World Briefs: Airstrike kills 15 militants in Yemen

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Prime Minister Fayez Tarawneh replaced Awn al-Khasawneh, who resigned last Thursday over differences with the king. Abdullah blamed him for failing to push hard enough for promised reforms, which include introducing three laws governing parliamentary elections, political parties and an independent electoral commission.

Jordan has had 17 months of low-level unrest over demands for more political say and objections to an election law that draws districts to boost the king’s backers among Bedouin tribes.

FRANCE

Sarkozy, Hollande face off in debate

PARIS — President Nicolas Sarkozy lashed out at his critics and his leftist challenger Francois Hollande called for national unity, as the two faced off in a highly anticipated presidential debate.

Mr. Sarkozy took a firm, critical posture from the beginning of the televised debate Wednesday night. He said he is being unfairly blamed for France’s economic problems after years of crisis and insisted he’s not “the only guilty one.”

He also denounced those who compared him to France’s Nazi collaborators because of his tough campaign rhetoric on immigrants.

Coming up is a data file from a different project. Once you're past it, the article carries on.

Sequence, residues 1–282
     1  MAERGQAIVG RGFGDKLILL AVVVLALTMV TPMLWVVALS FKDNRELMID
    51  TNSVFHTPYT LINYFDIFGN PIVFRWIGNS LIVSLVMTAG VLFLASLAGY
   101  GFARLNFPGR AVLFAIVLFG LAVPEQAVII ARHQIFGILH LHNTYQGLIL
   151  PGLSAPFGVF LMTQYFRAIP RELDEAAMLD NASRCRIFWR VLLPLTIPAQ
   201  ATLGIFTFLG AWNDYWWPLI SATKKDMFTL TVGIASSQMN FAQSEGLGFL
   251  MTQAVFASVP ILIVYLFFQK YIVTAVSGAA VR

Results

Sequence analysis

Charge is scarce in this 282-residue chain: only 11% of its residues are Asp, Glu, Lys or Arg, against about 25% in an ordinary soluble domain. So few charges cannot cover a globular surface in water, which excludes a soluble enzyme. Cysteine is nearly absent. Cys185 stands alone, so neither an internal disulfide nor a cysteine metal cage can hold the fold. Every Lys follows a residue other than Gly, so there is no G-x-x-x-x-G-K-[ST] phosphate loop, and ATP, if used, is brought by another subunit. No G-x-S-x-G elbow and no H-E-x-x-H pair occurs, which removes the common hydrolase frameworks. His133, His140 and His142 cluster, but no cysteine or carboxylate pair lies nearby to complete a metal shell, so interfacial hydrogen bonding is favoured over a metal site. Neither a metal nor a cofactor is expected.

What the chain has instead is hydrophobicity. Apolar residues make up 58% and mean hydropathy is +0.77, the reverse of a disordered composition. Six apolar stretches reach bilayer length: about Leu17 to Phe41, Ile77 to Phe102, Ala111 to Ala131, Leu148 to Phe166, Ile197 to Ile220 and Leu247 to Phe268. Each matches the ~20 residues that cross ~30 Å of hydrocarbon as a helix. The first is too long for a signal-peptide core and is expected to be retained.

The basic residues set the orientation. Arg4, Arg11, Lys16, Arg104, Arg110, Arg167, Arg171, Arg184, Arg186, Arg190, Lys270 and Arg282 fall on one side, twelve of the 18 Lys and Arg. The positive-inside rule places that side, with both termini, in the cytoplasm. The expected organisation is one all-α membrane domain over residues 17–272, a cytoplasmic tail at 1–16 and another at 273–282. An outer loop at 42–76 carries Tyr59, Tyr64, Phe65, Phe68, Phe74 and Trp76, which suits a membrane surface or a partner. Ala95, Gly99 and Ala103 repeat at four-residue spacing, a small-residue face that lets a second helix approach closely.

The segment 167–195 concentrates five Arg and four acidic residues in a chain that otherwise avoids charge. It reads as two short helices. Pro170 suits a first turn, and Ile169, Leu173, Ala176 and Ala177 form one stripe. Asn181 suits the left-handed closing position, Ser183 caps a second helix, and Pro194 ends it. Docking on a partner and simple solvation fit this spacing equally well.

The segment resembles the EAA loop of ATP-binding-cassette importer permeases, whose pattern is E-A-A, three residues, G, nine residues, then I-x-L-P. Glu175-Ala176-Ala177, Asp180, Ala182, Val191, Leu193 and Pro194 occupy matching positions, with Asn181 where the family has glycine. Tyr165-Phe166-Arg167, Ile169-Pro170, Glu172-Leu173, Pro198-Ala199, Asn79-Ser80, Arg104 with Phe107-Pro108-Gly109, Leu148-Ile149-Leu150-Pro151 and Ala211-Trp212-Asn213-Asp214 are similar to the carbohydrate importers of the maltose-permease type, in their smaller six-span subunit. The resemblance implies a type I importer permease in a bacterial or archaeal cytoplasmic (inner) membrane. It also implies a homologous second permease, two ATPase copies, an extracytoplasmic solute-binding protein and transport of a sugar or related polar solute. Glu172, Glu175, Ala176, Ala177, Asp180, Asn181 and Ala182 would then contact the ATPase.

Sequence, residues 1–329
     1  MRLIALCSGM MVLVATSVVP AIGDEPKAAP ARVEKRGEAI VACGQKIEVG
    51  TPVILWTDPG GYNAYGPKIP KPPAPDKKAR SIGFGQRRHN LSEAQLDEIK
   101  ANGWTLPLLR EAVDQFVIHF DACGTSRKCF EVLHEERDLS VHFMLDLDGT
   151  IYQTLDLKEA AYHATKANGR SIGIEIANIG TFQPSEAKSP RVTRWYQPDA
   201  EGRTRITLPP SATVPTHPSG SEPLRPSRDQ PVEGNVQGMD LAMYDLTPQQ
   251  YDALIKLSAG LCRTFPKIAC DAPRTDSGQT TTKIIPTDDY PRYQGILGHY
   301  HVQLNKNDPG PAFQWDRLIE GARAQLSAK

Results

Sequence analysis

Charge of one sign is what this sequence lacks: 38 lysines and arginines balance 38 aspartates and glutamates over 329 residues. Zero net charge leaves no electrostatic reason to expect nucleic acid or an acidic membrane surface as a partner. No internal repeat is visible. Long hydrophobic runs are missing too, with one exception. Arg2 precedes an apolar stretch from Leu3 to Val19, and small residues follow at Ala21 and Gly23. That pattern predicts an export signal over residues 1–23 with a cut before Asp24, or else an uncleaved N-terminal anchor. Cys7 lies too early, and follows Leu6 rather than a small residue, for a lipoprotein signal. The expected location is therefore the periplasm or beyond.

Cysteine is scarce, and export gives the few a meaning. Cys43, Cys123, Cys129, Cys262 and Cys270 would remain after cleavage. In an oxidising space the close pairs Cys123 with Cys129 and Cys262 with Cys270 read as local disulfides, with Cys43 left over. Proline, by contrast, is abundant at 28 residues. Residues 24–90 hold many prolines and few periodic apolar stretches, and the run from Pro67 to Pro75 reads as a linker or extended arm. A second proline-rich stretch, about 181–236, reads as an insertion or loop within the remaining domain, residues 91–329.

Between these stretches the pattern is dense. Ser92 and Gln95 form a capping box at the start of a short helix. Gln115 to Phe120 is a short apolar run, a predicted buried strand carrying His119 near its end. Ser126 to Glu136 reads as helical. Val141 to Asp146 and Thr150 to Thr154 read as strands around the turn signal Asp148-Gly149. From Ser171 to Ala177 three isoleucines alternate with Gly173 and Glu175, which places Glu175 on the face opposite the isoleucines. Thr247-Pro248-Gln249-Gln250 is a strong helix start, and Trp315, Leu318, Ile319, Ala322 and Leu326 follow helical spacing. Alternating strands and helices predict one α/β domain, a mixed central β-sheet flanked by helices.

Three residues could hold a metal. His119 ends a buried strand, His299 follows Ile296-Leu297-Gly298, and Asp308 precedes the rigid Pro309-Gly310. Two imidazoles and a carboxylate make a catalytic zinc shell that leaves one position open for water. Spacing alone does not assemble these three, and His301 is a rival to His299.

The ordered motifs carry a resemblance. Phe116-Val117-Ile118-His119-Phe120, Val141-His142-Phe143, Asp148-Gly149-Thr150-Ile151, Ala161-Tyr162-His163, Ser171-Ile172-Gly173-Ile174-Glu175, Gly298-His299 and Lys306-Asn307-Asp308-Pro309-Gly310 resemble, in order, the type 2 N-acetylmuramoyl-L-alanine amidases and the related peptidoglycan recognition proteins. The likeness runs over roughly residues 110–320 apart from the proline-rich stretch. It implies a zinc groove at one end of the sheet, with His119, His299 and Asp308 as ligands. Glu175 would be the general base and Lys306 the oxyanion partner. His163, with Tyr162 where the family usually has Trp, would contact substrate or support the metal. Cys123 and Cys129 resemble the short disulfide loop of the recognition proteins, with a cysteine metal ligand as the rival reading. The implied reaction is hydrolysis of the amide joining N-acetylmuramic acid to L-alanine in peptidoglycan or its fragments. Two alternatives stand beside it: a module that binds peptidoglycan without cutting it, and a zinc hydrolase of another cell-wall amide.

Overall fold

Mr. Hollande, whose is favored to win Sunday’s election, called for bringing the country together. He said he has a hard time imagining the hard-hitting, attention-grabbing Mr. Sarkozy as a “victim.”

ISRAEL

Prisoners reach record in hunger strike

JERUSALEM — At least 1,550 Palestinians in Israeli jails are now taking part in a mass hunger strike, Israel’s Prison Service said on Wednesday, with two of them marking their 64th day without food.

Prison spokeswoman Sivan Weizman said another 100 prisoners had begun refusing food over the past two days, swelling the number of those on hunger strike to more than a third of the total Palestinian prison population of 4,700.

Two of them, Bilal Diab and Thaer Halahla, have been on hunger strike for 64 days, with Physicians for Human Rights-Israel warning that both were in danger of dying.

The vast majority of prisoners began refusing food on April 17 in a demand for improved conditions, including increased access to lawyers and family visits, an end to solitary confinement and an end to administrative detention.

UNITED KINGDOM

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